Trade usually takes place keeping in view the classical principles of opportunity cost, factor endowment theory and comparative advantage where, ‘each country specializes in those branches of production in which it has a comparative advantage, or in other words produce those goods whose costs are relatively lowest’ (Ellsworth 1940: 286-287). However, the international trade system can best be regarded as a situation of prisoner’s dilemma under which the best outcome for an individual player is for that player to cheat by for instance imposing an optimal tariff, while the other player cooperates. However, if both players cheat, they will be worse off than if both had cooperated (Goldstein, Krasner 1984: 284). Experimental findings suggest that the winning strategy for this sort of a situation is the Tit for Tat strategy ‘in which the player cooperates on the first move and then does whatever the other player did on the preceding move’ (Goldstein, Krasner: 1984: 284). In their views, such a strategy is not meant to start a trade war rather its aim is to promote cooperation and freer trade (1984: 284). The prisoner’s dilemma depiction also ‘claims that a stable system of international free trade involves the supply of a public good. Such goods are joint in supply and non-excludable’ (Gowa 1989: 1245). This public good may be one or numerous depending upon the case. These public goods include political stability, regional stability, liberal economies etc.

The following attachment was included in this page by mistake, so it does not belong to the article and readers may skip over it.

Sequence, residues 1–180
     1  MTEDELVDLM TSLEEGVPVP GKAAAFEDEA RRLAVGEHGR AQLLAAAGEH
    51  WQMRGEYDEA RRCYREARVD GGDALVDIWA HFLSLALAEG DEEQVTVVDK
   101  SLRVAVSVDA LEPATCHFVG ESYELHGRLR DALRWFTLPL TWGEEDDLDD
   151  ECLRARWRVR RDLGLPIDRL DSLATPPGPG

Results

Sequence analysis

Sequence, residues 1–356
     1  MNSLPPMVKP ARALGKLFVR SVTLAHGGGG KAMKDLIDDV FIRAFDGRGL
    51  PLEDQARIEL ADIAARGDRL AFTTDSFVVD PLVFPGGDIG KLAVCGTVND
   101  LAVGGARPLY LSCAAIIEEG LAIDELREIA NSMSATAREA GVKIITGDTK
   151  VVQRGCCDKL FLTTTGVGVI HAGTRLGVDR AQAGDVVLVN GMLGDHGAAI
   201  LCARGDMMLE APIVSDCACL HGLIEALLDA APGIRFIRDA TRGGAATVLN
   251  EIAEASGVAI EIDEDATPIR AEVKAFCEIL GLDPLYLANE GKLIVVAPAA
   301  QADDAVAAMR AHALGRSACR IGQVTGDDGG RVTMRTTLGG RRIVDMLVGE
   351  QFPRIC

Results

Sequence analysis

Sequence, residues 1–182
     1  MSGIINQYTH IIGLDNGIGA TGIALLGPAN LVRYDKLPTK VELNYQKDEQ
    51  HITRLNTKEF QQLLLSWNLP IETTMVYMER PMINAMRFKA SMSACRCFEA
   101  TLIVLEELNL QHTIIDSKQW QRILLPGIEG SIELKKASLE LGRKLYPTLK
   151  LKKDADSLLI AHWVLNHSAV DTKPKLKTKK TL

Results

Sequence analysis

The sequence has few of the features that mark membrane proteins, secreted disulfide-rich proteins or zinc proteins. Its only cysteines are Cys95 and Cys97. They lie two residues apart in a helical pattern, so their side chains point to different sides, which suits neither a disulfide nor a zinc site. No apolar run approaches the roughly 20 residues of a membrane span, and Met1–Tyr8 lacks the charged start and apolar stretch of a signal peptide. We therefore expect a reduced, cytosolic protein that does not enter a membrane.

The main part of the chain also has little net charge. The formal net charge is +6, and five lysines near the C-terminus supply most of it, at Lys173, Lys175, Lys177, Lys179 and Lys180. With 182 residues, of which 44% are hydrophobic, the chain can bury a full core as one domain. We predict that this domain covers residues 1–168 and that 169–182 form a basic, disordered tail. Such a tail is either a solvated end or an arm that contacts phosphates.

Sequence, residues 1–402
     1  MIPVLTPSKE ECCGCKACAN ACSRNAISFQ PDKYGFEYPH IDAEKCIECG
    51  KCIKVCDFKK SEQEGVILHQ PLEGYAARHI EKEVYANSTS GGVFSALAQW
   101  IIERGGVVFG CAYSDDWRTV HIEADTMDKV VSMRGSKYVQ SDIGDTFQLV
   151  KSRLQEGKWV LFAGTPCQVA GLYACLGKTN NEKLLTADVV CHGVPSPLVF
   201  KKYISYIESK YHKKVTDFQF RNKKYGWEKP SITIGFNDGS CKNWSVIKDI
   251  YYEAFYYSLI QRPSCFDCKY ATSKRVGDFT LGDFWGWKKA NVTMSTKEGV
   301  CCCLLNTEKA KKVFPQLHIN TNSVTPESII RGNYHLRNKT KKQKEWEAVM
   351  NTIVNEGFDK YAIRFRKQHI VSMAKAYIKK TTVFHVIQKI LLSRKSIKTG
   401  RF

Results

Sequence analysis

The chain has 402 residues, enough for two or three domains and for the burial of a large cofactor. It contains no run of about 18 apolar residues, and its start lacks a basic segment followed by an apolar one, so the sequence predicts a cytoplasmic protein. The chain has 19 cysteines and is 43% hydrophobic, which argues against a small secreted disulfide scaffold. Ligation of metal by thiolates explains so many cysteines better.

After the second World War the emphasis of the trade regime was to regulate all trade distortions. ‘Liberal rules, norms and procedures were to be adopted by states and patrolled by international organizations’ (Goldstein, Krasner 1984: 282). But in today’s world, ‘the bulk of international trade takes place between the industrialized or rich countries. This pattern of trade is in contradiction to the factor endowment theory because trade is taking place between countries with similar, rather than dissimilar, factor (capital) endowments’ (Hanink 1988: 323).